Moderna Lures Pfizer Executive With U.K. Contract in Limbo
(Bloomberg) -- Moderna Inc. lured an executive from rival Pfizer Inc. to become its first-ever U.K. regional head as a contract with the country for Covid-19 vaccines appears in danger of lapsing.
The company hired Darius Hughes, the former head of Pfizer’s U.K. and Ireland vaccines business unit, in July as U.K. country director, he confirmed in a Bloomberg interview Tuesday. Hughes is tasked with growing Moderna’s business in the U.K., including potentially renegotiating its Covid-19 vaccine contract, which is yet to be renewed.
Moderna is expanding after it was propelled onto the world stage by the success of its Covid-19 vaccine -- one of the first shots to be authorized globally. The vaccine was the first product the company brought to market, causing the shares to skyrocket. Chief Executive Officer Stephane Bancel said last week the company is considering opening up a couple of additional subsidiaries in big markets.
The U.K. contract with Moderna expires at the end of this year, Hughes said. Britain has ordered 17 million doses of Moderna’s messenger RNA shot for delivery in 2021, with about 10 million received so far, according to Hughes. The remaining supplies are expected to arrive as contracted but no further orders have been made. The U.K. has used about 3 million Moderna doses to date, he said.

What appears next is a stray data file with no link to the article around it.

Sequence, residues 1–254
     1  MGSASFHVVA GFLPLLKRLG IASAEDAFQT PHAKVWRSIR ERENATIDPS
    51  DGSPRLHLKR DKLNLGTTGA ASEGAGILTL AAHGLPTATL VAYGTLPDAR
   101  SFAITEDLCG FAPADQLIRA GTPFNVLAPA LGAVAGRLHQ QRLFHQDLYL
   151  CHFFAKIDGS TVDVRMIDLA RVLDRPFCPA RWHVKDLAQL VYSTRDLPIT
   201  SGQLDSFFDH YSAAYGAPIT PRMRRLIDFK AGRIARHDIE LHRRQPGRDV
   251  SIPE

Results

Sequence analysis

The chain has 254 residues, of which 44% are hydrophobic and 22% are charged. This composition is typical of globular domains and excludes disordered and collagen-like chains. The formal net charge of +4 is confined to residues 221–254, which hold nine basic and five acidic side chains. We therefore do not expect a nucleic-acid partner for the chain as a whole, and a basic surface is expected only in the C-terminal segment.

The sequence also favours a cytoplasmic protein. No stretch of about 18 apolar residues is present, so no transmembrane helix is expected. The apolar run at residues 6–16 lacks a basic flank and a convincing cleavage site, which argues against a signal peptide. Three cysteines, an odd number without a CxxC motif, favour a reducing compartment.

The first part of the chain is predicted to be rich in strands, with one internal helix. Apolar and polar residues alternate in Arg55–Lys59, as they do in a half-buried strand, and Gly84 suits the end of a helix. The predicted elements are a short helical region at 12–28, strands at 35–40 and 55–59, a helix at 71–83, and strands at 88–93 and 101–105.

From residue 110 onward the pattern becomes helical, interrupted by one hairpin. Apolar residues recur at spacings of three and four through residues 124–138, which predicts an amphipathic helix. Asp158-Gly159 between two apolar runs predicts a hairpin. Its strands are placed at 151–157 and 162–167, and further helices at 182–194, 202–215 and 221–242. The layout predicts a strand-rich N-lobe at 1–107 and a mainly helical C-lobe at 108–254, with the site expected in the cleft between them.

The U.K government’s decision to offer half doses of the Moderna shot as boosters means the country now has double the number of the company’s shots for third vaccinations. Britain also has contracts with some drugmakers such as GlaxoSmithKline Plc and Sanofi whose vaccines haven’t yet completed trials but may come online next year if successful.
A spokesperson for the U.K.’s Department of Health and Social Care didn’t immediately respond to a request for comment on its vaccine contract with Moderna.
Other Moderna country heads are expected to be announced for Spain, France and Germany in the coming weeks, according to Hughes. The growth comes as the company prepares to use its mRNA technology for vaccines and drugs against other diseases such as flu. Trials attempting to tackle multiple strains of influenza in one shot are expected to read out in the coming months.
Still, the sudden growth of Moderna from a small biotech to a global drugmaker has seen it struggle to keep up with demand for its vaccine. The shares plummeted this month after the company announced it would be able to supply only 700 million to 800 million vaccine doses this year, down from its previous projection of 800 million to 1 billion doses. The delays were attributed to filling vials and delivering them in international markets.
The new recruits should help the company with its distribution in Europe and beyond as its scales-up production of the shot and develops more drugs. Moderna didn’t have a single employee in Europe on its commercial team before the pandemic. The company expects to sell $15 billion to $18 billion worth of its shot this year, with higher revenues next year, making it one of the best-selling pharmaceutical products in the world.
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